Garfield County commissioner candidates, in their words — Paula Stepp: people and communities first
The communities of Garfield County face common problems: access to affordable health care, affordable/attainable housing, adequate transportation throughout the county, affordable child care, protecting our environment and the health and safety of our citizens, and maintaining a stable economy despite fluctuations in the oil and gas industry due to price and production.
As a woman who has lived and worked and raised a family in this county, I’ve experienced how all of these issues impact us every day. With broader, inclusive representation, we can work together creating lasting and equitable solutions for a better economic future for our county.
During my campaign this year, I have traveled the county end to end, attending meetings and getting to know each community. I’ve grown fond and respectful of each. And I am committed to working in partnerships with our communities and districts.
In partnership, we can improve infrastructure that will open doors to new economic activity. In partnership, we can seek funding and grants. In partnership, we can improve roads benefiting citizens in incorporated and unincorporated areas. In partnership, we can aspire to connect all our communities in a trail system that will become a second artery of travel and recreation. In partnership, a Garfield County commissioner should be active on the RFTA board now.
My business experience will bring a fresh and dynamic perspective. Until launching my campaign this year, I was associate publisher for two outdoor magazines.
At these publications, we survived both the 2008 recession and a radical shift in the industry brought on by technology and the internet. Doing “business as usual” could lead only to failure.
Instead, we learned, adapted and grew, working both in national and international markets. We had to embrace change and be quick to the market. In contrast, Garfield County was one of the last two Colorado counties to put a plan in place to expand and upgrade our internet connectivity and to apply for Colorado state grants.
Given our county’s resources, we can be the leader in rural broadband, increasing productivity for governments, businesses and individuals. Broadband is as important in every facet of our lives in the 21st century as electricity was in the 20th century. As Garfield County commissioner my first goal will be to move forward as quickly as possible to have the best broadband in rural Colorado.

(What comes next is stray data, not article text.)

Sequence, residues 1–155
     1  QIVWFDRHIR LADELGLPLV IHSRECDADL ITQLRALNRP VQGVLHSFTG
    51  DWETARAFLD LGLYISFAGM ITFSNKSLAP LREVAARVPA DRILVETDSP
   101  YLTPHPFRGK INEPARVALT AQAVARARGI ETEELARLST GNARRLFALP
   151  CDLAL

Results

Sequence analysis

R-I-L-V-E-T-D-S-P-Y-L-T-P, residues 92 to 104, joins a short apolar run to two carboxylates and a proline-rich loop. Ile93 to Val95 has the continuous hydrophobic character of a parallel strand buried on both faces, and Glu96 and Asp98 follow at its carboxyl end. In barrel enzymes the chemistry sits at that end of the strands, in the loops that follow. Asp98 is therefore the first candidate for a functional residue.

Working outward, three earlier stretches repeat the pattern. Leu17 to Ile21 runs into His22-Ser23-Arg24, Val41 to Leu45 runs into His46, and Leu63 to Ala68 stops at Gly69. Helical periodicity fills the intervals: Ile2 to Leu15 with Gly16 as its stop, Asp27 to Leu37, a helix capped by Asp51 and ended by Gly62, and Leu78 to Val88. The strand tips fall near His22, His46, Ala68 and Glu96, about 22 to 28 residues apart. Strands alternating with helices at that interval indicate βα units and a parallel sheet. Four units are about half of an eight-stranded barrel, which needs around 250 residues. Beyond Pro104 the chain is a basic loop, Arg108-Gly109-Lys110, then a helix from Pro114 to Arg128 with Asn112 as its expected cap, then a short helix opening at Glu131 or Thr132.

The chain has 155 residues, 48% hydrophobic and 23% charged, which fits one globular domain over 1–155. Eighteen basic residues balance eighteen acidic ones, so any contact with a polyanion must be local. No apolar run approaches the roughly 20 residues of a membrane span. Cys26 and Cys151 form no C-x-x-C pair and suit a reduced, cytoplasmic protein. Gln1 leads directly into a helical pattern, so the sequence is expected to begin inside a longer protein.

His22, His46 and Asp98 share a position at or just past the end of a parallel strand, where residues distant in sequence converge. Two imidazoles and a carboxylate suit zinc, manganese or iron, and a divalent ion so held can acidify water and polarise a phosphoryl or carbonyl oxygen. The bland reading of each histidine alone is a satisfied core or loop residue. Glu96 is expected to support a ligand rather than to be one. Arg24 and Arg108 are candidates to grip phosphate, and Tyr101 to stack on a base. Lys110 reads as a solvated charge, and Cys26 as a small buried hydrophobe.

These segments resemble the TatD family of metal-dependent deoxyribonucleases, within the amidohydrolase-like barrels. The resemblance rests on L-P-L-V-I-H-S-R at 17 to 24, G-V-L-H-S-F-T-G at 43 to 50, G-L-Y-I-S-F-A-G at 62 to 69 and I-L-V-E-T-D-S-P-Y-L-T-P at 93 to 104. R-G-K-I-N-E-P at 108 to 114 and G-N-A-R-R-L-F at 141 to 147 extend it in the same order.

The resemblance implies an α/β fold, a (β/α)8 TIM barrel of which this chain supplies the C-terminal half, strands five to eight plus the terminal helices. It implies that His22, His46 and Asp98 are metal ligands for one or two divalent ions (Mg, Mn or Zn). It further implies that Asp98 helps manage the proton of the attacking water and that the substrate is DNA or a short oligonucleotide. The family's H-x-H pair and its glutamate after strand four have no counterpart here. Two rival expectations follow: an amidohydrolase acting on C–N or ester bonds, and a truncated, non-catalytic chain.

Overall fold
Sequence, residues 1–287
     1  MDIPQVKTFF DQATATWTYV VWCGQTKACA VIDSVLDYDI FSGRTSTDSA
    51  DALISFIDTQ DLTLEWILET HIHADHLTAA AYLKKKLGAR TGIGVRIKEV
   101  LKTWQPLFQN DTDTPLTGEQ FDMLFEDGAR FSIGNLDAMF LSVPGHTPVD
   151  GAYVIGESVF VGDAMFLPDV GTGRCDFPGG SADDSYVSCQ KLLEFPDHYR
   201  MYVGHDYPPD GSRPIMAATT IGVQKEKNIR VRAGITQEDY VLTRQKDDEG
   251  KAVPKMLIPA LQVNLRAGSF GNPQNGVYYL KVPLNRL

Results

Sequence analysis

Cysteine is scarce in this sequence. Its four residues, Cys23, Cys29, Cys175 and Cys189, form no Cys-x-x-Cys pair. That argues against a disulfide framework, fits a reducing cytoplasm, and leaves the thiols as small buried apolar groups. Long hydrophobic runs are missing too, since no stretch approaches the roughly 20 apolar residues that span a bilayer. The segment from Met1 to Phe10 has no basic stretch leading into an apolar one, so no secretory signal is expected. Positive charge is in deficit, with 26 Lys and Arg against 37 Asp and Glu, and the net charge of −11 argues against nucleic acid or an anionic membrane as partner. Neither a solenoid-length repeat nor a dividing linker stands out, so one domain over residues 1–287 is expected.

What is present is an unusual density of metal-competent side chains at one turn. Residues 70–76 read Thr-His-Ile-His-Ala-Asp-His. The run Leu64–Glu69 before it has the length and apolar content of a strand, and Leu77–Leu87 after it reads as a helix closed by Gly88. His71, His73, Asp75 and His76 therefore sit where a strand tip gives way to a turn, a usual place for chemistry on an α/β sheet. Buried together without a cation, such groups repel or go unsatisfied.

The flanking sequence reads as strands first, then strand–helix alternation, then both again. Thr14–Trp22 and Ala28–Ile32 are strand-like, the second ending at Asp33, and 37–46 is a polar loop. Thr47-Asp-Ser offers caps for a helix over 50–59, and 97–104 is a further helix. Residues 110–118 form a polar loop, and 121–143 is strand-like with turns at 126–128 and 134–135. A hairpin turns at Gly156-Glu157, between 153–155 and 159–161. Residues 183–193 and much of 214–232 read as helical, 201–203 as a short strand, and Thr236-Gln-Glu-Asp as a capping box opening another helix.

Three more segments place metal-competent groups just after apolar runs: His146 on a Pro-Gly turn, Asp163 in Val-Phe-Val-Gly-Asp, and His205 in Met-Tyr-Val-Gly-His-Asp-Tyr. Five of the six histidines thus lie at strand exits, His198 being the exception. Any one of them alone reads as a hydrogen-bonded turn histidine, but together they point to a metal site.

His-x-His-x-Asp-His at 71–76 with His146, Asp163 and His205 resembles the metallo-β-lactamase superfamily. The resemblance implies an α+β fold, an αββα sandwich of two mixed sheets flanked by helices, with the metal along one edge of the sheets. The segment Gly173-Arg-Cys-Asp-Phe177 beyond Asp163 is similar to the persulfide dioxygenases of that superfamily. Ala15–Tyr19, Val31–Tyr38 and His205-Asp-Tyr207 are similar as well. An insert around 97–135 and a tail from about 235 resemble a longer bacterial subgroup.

It is time for Garfield County to look toward a new economic base: supplying renewal energy to the energy grid; first in rural broadband to entice tech industries; creating communities that businesses want to invest in; supporting the emerging hemp market; and enticing businesses that work in and with the outdoor industry.
Proposition 112 on our November ballot is a polarizing issue. The current BOCC has strongly opposed this initiative that demands a 2,500-foot setback for oil and gas wells from buildings and vulnerable areas for new production. I am concerned the bigger setback will hurt those employed directly and indirectly by the gas industry, and it will cut tax revenue for our schools, libraries, fire districts, conservation groups, towns and other agencies.
But I also share the concerns of the initiative’s supporters who are worried about their health and safety, personal property impacts and our environment. The current 500-foot setback from homes is not far enough. The Colorado Oil and Gas Conservation Commission promises to first protect health and safety of our citizens, but they provide that oversight in different tiers. It makes no sense that a home is less important than a public building, which currently requires a 1,000-foot setback.
I will not advocate how you should vote on Proposition 112. A middle road is possible, one with equitable and reasonable incentives, laws and oversight. It is challenge that must be met in Garfield County and Colorado.
For generations Garfield County has relied on an immigrant population as part of our workforce and economy. Though immigration is under federal purview, we need a more effective policy with a foundation of respect for everyone and acknowledgment of these contributions. Importantly, here and now, immigrants should feel safe and have access to community services.
I firmly stand for DACA. In 2006, I began mentoring students in the Re-1 Precollegiate Program that supports students whose parents do not have college degrees. Following these students from seventh grade through high school graduation has shown me their hopes and fears. I want nothing more than for them to find their dreams and succeed.
And that is my desire for all of us and my goal as your Garfield County Commissioner.
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